Kant, Trump, and Jury Service

Wednesday, June 7, 2017
Los Angeles, California


Kant, Trump, and Jury Service

Foolishly forgetting the option for jury service orientation online, I sit in the back of the jury service room at the Criminal Courthouse in downtown Los Angeles.

I am bored to death.

In the past 45 minutes, a court clerk has repeated the same simple instructions five times. He has guided the 100 persons here how to complete an affidavit easily understandable by your average five-year-old. He explained what writing in blue or black ink means.

Nonetheless, what better place to explore concepts related to government and mind?

Immanuel Kant, the 18th century philosopher, believed lasting world peace could be created if individual states adhered to three requirements:

Democracy, open economies, and engagement with the international community.  

Recent actions by Trump threaten all three.

Before elaborating, I take you on a brief tangent regarding jury service. I now participate in the judicial branch of California government. If called to serve on a jury, I would be part of a group of citizens asked to judge or evaluate the evidence in a legal proceeding.

People often complain about jury service, but consider this fact:

You never know when you could be arrested, even falsely, say because you look like a suspect in a crime.

You’d want to be judged by your peers, not by retired, government employees.

Please do it if summoned.

It’s part of democracy.

That noted, I return to Kant and Trump.

Despite Monty Python’s hilariously calling him “a real pissant,” Kant was, in truth, quite the dude.

The three-thousand year history of western philosophy is split into pre- and post-Kantian categories. He’s the only philosopher since Plato to make such categorical change. He wrote a major book about moral philosophy — still pertinent today — when he was age 80.

Even more intense, dig this:

He never traveled more than 19 miles from his home in Konigsberg, Germany.

A hometown boy, Kant, changed the world for the better.

A New York, international boy, Trump, changes the world for the worse.

Let’s analyze Trump’s politics in terms of the Kantian triangle:

First, democracy. Trump’s apparent efforts to influence, and then fire, the FBI director are distinctly anti-democratic. His using the presidency to enrich himself is autocratic, even dictatorial. His promising to “drain the swamp” — only to fill his cabinet with a collection of white billionaires, mostly from Wall Street — betrays the very voters who supported him. Other examples abound.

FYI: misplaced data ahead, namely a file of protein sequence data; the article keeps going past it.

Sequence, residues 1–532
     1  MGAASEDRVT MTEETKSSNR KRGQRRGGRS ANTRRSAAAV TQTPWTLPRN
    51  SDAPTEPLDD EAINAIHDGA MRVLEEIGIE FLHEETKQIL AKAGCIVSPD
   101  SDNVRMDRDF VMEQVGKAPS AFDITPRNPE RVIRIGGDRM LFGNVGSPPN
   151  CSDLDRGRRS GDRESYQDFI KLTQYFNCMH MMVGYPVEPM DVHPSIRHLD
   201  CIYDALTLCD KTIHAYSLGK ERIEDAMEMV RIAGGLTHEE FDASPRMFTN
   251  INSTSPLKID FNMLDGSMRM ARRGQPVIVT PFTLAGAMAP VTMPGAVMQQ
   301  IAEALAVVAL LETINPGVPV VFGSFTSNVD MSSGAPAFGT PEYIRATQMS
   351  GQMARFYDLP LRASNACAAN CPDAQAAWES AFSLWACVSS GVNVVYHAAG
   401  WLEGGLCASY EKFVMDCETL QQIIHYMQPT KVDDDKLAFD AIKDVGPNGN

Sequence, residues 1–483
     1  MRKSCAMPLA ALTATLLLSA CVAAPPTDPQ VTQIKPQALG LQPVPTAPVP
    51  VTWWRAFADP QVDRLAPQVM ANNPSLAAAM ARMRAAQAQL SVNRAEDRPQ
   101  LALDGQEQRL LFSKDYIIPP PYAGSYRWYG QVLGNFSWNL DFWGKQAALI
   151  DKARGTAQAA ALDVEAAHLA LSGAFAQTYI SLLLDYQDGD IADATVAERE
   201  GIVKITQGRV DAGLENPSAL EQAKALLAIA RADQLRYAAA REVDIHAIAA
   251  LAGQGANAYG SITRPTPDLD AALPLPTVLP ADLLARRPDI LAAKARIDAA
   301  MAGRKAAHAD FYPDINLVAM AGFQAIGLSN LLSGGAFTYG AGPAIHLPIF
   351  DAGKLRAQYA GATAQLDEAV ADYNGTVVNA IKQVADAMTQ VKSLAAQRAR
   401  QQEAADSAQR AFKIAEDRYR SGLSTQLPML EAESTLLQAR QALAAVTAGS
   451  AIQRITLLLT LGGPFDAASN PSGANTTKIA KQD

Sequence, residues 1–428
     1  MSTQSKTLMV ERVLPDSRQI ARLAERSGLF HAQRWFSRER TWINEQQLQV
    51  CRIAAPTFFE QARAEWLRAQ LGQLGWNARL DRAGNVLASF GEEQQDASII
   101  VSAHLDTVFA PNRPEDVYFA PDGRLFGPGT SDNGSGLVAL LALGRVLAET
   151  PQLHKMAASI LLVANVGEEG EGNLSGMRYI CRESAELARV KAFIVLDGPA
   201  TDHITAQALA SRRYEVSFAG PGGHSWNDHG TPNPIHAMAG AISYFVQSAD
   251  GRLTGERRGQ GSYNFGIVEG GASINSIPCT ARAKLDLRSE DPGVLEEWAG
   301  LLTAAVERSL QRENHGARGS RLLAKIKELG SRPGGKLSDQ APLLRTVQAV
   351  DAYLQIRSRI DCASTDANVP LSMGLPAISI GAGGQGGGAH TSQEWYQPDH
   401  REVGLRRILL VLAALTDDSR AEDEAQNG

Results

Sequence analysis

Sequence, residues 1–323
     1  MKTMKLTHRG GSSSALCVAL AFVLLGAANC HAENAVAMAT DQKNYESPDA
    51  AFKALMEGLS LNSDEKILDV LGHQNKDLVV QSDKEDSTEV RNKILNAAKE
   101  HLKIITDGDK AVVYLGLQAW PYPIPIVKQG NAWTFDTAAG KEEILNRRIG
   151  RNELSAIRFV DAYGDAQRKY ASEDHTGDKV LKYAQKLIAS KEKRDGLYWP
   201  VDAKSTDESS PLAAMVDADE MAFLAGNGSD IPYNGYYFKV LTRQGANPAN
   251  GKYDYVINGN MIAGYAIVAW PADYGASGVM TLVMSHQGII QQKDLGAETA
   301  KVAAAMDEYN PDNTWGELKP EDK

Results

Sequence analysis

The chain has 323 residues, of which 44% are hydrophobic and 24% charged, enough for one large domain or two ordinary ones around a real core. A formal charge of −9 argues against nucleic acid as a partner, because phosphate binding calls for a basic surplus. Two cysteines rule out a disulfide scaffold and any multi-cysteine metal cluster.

Second, Kant’s idea of open economies is directly opposed by Trump’s actions. He has been unsupportive of NATO. He seeks to dismantle NAFTA. He plans to build a ridiculous wall between the US and Mexico. He supports Brexit. He puts “America First,” worrying other international states now accustomed to increasing — and peace enhancing — international commerce.

Kant’s third point, engagement with the international community, is obviously counter to Trump’s intentions. In addition to the examples just provided, he has also irritated longstanding allies — the PM of Australia, the President of Mexico, the PM of Germany and, just recently, the mayor of London. He recently withdrew from the Paris Climate Accord.

Kant’s triangle was part of a proposal for international peace; Trump’s behavior sets us on a path towards discord, isolation, perhaps even war.

Kant’s triad of democracy, open economies, and international engagement also offers a basic model of mind. We all have parts of self, in dynamic contact with each other. Psychoanalytic theorists have called them by various names: unconscious fantasies, dynamic structures, or selfobjects. These terms are simply different ways of labelling parts of self.

Further, as Shakespeare, the anthropologist George Herbert Mead, and others long-ago observed, we relate to ourselves just like we relate to others. Kind of a weird concept, but I imagine it makes sense to you. We love ourselves. We hate ourselves. We do a better or worse job of navigating our way through life.

Applying Kant’s ideas to individual psychology, democracy calls for fairly listening to the different parts of self. Using the tripartite Freudian model, an effective, mature person would feel the urges of instinctual drives from the Id, listen to guidance from the Superego, and follow the Ego’s recommendations for moving forward.

Kant’s idea of open economies can be likened to the contractual nature of interpersonal relations. Confucius first proposed the simple word reciprocity to describe mature interpersonal relating. You do a favor for friends; they return the favor. You make jewelry for sale; your customer pays you for it. It works out. It balances over time.

Kant’s third idea about engaging the international community applies equally well when writ small. Applied to individual persons, it equates with sound interpersonal relating. It means creating friendships. It means supporting communities. Empirical research validates that social support networks enhance physical and emotional health. Persons in intimate relationships live longer.

What’s the take away?

On a personal level, listen to and balance out the various parts of yourself. Practice reciprocity. Nurture your relationships with friends and family.

On a national governmental level… well…


Or, at least, hope for the best while you wait it out.

Immanuel Kant died in 1804.

His influence persists two centuries later.

Who will remember Trump in two centuries?

No one.

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